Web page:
I recently listened to nice presentation from IDC about digitization in the manufacturing industries. One topic, which I found quite interesting, was the digital maturity ladder for manufacturing companies.
The digital maturity ladder was described in 5 Levels:
- Ad-Hoc -> Digital Resistor
- Opportunistic -> Digital Explorer
- Repeatable -> Digital Player
- Managed –> Digital Transformer
- Optimized -> Digital Disrupter
In the context of the digital transformation, companies will change their business models and ecosystems by utilizing digital capabilities, and leveraging new technologies to enable horizontal and vertical business process integration to provide a new or even a better value proposition for their customers in the Industrial Machinery & Component industry.
The value proposition during the digital transformation could be adapted in the following areas for Industrial Machinery & Component companies:
1) Aftermarket Service
- Increase overall equipment efficiency and reducing unexpected down times by constantly monitoring the equipment, identifying value patterns, and predicting potential issues.
- Predict service part usage to reduce high-cost shipments like air freight and replace with standard shipping to ensure spare parts availability.
- Increase field service technician efficiency by providing actual information about the next service order, installed base equipment records, and how the service job needs to be executed.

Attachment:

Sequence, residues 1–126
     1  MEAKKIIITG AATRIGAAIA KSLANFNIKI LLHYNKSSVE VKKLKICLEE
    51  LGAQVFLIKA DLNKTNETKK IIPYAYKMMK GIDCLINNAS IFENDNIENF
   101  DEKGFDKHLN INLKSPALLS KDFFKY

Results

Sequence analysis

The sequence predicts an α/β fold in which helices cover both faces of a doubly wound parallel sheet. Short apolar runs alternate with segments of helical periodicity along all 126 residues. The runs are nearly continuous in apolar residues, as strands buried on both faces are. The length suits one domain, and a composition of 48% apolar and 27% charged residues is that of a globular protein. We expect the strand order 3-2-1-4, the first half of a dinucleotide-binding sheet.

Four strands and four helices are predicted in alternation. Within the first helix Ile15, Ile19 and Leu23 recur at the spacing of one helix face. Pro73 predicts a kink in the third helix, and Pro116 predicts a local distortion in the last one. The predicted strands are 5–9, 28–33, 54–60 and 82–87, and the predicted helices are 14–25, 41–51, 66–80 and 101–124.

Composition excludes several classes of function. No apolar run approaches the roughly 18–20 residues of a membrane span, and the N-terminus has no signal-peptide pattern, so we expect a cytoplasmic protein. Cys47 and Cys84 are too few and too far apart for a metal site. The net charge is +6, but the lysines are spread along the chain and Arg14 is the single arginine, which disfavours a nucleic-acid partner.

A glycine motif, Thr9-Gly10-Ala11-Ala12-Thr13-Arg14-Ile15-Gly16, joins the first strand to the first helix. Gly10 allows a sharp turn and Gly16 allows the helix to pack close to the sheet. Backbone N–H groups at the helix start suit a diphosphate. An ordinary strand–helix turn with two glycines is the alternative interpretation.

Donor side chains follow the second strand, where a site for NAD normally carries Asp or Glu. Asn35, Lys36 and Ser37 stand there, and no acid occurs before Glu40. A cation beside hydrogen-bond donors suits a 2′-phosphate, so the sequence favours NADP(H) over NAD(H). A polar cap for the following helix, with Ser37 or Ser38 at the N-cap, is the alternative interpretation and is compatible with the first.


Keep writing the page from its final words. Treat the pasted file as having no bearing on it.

2) Building a Digital Business Model
- Coordinating the network using actionable data can help generate new business models in the future.
- Providing intelligent data to other industries could also be sources of new revenue streams and competitive differentiation.
- Building an open platform that allows all network stakeholders to easily consume data, and new applications.
Based on my experiences, I think the digital transformation of Industrial Machinery & Components companies has already started and will reach an even greater momentum in the near future.
The question that companies in Industrial Machinery & Components industry should answer, is on which level of the digital maturity ladder they should operate in order to withstand the competition and build a sustainable business model in the digital age?
Looking forward to fruitful discussion on this topic.
Patrick Lamm is a Director of Industrial Machinery & Components in the Industrial Machinery & Components Industry Business Unit at SAP. Before Joining SAP, Patrick held various positions at Hewlett-Packard as business analyst in strategic supply chain planning and as business process and SAP engineer in multiple divisions going back to 1998. Starting at SAP in 2004, Patrick held the position of Senior Business Consultant focusing on strategic projects in supply chain management and IT Strateggy. Since 2008, Patrick is part of SAP’s Industry Solution Management organization for Discrete Industries supporting partners and customers leveraging SAP solutions.
Patrick holds a master in industrial engineering from the University of Applied Science in Offenburg, Germany and a master of science in business administration in management information systems from the University of Cardiff, Wales.